Breast cancer is a topic that concerns many individuals. While breast cancer can present itself in various ways, one common symptom that raises concerns is breast discharge. Understanding breast cancer is important for early detection and prompt medical attention.
What is a breast or nipple discharge?
Breasts are generally referred to as advanced sweat glands that are known to produce fluids. There are various minute openings that help the fluid to come out through the nipples. Any liquid that flows from the nipples is called nipple discharge.
What are the different types of nipple discharge?
The only discharge that should cause worry is discharge that emerges naturally. The discharge is typically not a problem if it just happens when you squeeze.
Typically, troubling discharge is either clear or bloody. Green, milky, or other coloured discharge generally never raises any issues. It should be brought to your doctor’s notice if you are not breastfeeding but are experiencing significant volumes of milky discharge, as it is one of the early signs of breast cancer.
Single and multiple ducts:
It is particularly concerning if the discharge continuously emanates from a single location on the nipple. However, a woman might be comforted that the discharge is typically nothing to be concerned about if she squeezes her breast and notices discharge coming from several different locations on the nipple.
Do breast discharges at all times indicate breast cancer?
It’s essential to understand that most breast discharges are not cancerous. Benign conditions, such as hormonal changes, infections, or cysts, can cause non-cancerous breast discharge. Nevertheless, any unusual or persistent discharge should be examined by a healthcare provider to rule out potential breast cancer. Usually breastfeeding mothers can experience nipple discharge even after they stop breastfeeding.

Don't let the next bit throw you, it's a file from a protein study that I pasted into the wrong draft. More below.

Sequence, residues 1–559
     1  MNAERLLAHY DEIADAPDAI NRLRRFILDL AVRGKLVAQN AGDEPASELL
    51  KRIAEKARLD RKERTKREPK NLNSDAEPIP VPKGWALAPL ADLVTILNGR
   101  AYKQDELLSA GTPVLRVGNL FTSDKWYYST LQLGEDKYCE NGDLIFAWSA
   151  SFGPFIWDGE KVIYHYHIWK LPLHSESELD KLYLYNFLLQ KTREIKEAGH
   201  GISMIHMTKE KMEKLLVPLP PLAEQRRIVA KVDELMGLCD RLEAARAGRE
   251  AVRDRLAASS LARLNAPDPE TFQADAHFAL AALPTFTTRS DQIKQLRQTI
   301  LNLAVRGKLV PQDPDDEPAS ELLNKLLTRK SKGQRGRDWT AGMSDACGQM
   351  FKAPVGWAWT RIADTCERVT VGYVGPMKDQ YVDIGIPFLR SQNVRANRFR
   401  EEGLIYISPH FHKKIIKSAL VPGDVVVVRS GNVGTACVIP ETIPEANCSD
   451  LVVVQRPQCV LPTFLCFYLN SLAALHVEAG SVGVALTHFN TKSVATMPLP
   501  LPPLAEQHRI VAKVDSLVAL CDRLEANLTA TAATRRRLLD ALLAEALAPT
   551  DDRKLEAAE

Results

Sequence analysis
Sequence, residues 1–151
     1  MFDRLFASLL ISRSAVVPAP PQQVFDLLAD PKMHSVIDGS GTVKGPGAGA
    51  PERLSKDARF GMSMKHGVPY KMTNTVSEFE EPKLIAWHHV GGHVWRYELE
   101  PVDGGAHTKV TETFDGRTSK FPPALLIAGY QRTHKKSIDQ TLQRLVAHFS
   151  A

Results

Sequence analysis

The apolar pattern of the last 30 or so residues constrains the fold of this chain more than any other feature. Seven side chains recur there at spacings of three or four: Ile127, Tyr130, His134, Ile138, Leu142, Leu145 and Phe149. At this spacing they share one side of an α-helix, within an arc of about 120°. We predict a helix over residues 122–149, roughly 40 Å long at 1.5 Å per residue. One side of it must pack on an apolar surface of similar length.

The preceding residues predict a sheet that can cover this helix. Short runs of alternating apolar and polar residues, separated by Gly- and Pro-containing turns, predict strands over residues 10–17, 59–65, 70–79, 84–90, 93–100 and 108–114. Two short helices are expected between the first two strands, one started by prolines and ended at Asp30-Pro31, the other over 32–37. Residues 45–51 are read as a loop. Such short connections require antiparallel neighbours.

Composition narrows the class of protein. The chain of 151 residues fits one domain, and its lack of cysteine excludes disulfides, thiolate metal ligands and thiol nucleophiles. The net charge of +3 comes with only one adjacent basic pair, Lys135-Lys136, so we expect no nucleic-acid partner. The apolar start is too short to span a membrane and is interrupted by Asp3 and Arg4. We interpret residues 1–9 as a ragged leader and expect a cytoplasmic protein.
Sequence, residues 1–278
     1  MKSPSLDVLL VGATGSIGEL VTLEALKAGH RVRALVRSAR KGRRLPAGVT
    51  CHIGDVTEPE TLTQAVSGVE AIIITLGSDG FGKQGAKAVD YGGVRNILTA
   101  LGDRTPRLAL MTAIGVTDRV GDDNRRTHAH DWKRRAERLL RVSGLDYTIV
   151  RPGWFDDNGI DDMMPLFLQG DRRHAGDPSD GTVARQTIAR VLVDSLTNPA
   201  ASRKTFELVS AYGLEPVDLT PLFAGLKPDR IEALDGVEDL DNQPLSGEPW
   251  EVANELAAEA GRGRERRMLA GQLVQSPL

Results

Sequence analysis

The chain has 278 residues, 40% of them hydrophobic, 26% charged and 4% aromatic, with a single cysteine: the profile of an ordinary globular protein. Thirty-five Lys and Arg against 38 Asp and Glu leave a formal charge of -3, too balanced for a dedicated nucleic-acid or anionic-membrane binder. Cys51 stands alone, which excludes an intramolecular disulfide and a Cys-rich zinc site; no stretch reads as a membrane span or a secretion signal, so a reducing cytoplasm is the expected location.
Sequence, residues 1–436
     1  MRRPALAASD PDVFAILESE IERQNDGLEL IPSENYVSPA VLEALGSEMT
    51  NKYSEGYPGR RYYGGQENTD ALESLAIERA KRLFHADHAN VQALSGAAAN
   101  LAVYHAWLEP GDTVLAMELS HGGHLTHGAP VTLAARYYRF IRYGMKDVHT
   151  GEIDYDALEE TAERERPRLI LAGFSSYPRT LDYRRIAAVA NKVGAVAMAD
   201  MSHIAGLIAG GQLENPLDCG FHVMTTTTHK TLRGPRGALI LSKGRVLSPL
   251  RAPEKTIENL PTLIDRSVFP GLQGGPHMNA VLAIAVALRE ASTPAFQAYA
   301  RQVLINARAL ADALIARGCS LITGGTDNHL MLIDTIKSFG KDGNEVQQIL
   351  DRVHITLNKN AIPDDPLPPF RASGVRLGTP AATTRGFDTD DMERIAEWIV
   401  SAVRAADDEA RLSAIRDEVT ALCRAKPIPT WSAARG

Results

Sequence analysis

Is blood in the breast cancer discharge concerning?
Bloody discharge, known as bloody nipple discharge (BND), can be a concerning sign. While it’s not always cancer-related, it can be an early indicator of breast cancer. In such cases, further evaluation and diagnostic tests, such as mammograms and biopsies, are typically recommended to determine the cause.
What is a unilateral and bilateral discharge?
Unilateral breast discharge, meaning it occurs from one breast, is often more concerning than bilateral discharge, which comes from both breasts. Unilateral discharge can be an alarming sign of a possible underlying issue, such as breast cancer. Bilateral discharge on the other hand, is more commonly associated with benign causes.
What are the other symptoms associated with breast discharge that are concerning?
Breast cancer discharge may be accompanied by other symptoms, such as a lump or mass in the breast, changes in breast size or shape, nipple changes (inversion or retraction), or skin changes on the breast. If you experience any of these symptoms along with breast discharge, it’s crucial to consult a healthcare professional promptly.
When should you reach out to the doctor for breast discharge?
Women should visit a doctor if a nipple discharge lasts longer than one menstrual cycle or if any of the warning indications appear. If there are no symptoms of infection, such as redness, swelling, or pus discharge, a delay of about a week is not dangerous. Within one or two days, women with these symptoms should visit a doctor. As there are various reasons for breast cancer, finding the cause is crucial for treatment.